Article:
Fifty years ago, gaming culture consisted of children running to a local arcade with friends after school to avoid homework. It consisted of a simulated ping pong session on a clunky home TV. It maybe even consisted of playing chess with an uncle and losing every time because at least he knew what he was doing.

Gaming culture was relatively simple.

Fast-forward to recent times and games immerse players in post-apocalyptic situations, tug on their emotions and moral heartstrings, require genuine concentration and strategizing and even sell out arenas.

As gamers grew up, games grew up with them. Games have evolved within the past 50 years, and its culture has become one that is complex and is emerging as a well-developed entertainment medium.

On one end of the gaming spectrum, video gaming culture is about what exists beyond the game and the gamer: the art, the music, the mechanics and especially the community, which was first catalyzed by the eSports scene.

“It helps people find common interests,” said Kyle Turchik, a fifth-year computer science student and president of the Game Design and Development club on campus. “[Games are] a very social thing where you can actually interact [with other people] while you’re playing a game.”

Games also serve as good conversation because of the many inexhaustible topics to talk about.

“The conversation never ends because games are always changing,” said Andrew Wood, a second-year computer science student. “There’s always a new game coming out, and there’s a million different things to talk about for each game.”

The experience from playing games with others and forging friendships constitutes a large part of the culture. Turchik and Wood said that the memorable moments and “crazy things” that happen are precious mementos that people share in video gaming culture.

“It’s a happy feeling,” said Wood.

Another budding aspect of video gaming culture is the rise in numbers of people on streaming sites, like YouTube and Twitch, who watch games rather than play.

Late-night talk show host Jimmy Kimmel notably broadcasted a skit poking fun at game watchers in 2015, but was immediately met with a wave of criticism from the video gaming community.

Turchik and Wood don’t consider the act strange. For Turchik, it’s a convenient way to experience a game without slaving hours on end, especially during the busy school year. And while Wood agrees with that, for him it’s also just another form of entertainment, like sports watching, and a way to share an experience with the gamer.

“You don’t have to take part in everything to find entertainment,” Wood said.

On a quieter yet steadfast end of the gaming spectrum, board gaming culture is similar to video game culture in that it is also social, but necessarily social. Friendships become a natural result of it.

“The social aspect is a huge part of it,” said fifth-year computer information systems student Otto Moses, president of the tabletop gaming club Gamers Union. “You come to a place, you sit down with someone and you spend an hour or two across the table from them”you make friends.”

Moses said that the board gaming community is largely comprised of friendly and accepting people and that most of his friends were made through the club.

“It’s been a huge deal for me,” he said.

FragNite a large gaming event held every quarter featuring tournaments, free food and giveaways. (Courtesy of Kyle Turchik)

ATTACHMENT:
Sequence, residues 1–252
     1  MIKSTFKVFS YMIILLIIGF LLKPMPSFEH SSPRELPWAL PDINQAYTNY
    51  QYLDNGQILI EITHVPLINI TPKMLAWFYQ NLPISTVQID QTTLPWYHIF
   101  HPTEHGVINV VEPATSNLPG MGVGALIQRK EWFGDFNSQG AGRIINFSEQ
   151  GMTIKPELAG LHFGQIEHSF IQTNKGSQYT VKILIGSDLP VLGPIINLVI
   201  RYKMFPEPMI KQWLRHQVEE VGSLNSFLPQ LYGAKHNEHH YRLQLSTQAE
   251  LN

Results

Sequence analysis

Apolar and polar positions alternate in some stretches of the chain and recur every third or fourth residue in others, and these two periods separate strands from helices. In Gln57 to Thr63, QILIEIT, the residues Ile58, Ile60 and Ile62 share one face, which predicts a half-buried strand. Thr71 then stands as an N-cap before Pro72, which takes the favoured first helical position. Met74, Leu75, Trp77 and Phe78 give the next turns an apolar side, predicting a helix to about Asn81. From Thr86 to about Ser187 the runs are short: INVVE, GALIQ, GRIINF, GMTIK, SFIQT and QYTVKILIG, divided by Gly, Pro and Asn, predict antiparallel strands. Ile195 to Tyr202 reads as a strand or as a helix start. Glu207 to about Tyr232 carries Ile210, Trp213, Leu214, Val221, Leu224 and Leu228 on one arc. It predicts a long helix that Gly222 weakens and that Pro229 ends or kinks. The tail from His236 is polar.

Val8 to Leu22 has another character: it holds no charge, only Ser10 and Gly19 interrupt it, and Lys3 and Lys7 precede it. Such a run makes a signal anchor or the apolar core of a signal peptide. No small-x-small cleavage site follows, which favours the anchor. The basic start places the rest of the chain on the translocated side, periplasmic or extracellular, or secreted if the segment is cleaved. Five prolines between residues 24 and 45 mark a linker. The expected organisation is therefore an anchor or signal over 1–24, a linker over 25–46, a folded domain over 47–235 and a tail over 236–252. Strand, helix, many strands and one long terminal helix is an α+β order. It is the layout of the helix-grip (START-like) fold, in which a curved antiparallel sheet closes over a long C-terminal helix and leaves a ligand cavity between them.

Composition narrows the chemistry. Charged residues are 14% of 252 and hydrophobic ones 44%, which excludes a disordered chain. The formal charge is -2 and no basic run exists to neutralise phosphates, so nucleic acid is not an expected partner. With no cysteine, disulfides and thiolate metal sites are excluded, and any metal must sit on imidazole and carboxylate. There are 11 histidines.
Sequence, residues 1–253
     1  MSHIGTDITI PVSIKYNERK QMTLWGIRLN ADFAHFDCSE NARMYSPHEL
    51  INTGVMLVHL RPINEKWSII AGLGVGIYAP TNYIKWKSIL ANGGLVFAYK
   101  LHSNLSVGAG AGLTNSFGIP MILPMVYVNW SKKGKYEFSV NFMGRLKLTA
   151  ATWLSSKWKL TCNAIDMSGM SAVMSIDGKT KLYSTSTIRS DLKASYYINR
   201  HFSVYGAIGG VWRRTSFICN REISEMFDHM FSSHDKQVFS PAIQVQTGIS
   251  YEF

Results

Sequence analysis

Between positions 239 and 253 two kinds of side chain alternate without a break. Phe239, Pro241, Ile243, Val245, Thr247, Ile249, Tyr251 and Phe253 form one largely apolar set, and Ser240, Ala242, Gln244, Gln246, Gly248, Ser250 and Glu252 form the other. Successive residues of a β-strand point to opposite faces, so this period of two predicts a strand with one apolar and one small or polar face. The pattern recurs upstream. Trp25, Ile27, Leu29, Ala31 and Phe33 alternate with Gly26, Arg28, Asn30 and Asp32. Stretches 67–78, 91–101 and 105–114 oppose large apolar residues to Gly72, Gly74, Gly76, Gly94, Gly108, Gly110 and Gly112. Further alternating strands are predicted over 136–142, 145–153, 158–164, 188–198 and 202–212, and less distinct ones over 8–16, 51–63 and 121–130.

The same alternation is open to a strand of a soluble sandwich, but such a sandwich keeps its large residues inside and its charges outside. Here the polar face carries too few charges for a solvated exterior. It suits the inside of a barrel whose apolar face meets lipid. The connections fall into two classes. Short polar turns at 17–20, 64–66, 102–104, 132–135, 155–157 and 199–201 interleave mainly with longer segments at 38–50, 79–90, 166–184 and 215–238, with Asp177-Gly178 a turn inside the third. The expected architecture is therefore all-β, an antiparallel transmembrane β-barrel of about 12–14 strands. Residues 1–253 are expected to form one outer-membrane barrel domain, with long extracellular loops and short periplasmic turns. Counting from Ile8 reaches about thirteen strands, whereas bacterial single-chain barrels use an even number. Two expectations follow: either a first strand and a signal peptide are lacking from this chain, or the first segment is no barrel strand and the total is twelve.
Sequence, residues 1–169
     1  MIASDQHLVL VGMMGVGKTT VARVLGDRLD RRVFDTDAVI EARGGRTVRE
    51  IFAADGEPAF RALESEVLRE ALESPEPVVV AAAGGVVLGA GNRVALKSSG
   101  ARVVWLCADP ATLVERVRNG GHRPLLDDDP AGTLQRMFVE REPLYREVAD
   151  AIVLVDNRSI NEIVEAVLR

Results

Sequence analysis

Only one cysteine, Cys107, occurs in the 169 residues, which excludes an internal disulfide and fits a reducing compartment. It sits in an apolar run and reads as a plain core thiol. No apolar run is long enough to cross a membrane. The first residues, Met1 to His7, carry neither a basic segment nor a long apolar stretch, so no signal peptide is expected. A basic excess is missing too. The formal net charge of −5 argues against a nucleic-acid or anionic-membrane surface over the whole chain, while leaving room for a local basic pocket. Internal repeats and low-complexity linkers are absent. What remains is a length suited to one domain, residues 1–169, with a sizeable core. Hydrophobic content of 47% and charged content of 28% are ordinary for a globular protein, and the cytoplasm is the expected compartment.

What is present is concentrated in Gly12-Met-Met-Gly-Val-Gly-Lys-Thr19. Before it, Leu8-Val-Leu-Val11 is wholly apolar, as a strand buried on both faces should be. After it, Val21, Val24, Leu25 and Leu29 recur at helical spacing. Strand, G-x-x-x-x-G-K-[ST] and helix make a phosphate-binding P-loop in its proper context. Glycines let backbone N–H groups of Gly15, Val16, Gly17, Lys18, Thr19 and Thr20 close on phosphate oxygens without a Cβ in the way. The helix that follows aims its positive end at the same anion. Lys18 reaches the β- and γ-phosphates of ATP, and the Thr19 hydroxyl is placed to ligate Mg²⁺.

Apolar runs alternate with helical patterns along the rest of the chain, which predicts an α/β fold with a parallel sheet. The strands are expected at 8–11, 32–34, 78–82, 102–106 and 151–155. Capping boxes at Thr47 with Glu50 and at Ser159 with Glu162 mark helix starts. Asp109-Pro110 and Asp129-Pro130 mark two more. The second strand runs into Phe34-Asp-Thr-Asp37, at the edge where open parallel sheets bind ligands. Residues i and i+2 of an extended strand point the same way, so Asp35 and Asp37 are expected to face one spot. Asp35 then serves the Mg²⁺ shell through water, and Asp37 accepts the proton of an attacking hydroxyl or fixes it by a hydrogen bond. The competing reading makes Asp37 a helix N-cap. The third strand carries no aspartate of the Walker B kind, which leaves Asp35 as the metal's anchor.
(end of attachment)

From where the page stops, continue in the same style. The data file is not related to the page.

At Cal Poly Pomona, the campus represents its fair share of the gaming community through a few clubs.

One of them, the Game Design and Development club, strives to provide opportunities for people to learn to create their own video games and foster an environment where aspiring game artists, writers, musicians and businesspeople can grow.

The club is fairly new compared to others. It was founded in 2014 in response to the lack of a game design and development club on campus.

“Most other colleges have an established game design and development club,” said club’s president Turchik. “I’m glad we are that club for Cal Poly.”

The club has been doing especially well this fall with booming membership numbers.

This year, Turchik wants to encourage a networking aspect to the club by pushing for people to present their game ideas.

“We want to also really make people socialize and find other people who are interested [in working together] and network with each other,” he said.

For those interested in board gaming, board games are very much alive through the tabletop gaming club, Gamers Union, founded in 2008.

Moses, the club’s president, also considers the club to be a social club. They meet weekly on early Friday evenings to play board games with each other, and attendance usually ranges from 25 to 40 members a meeting.

This year he also started a community group for the club on Steam, a game distribution platform, so that in addition to club meetings, members could also enjoy playing simulated board games together online as well.

“The virtual ones are kind of a pale imitation of sitting there across a table with someone, but it’s great because we get to [play games] more often,” Moses said.

He agrees that, in recent times, a bridge between modern technology and traditional board gaming is evident.

Moses understands that although club membership probably won’t be as explosive as that of other gaming clubs on campus, he is comfortable with the current state of the club and will work to expand its presence by reaching out to other organizations on campus.

Though these two clubs may represent types of gaming on different parts of the spectrum, the presidents share a commonality that they both strongly encourage students of all skill levels to join.

Gaming culture places emphasis on community, and these clubs do just that.

“It’s not just a game anymore,” said Wood.

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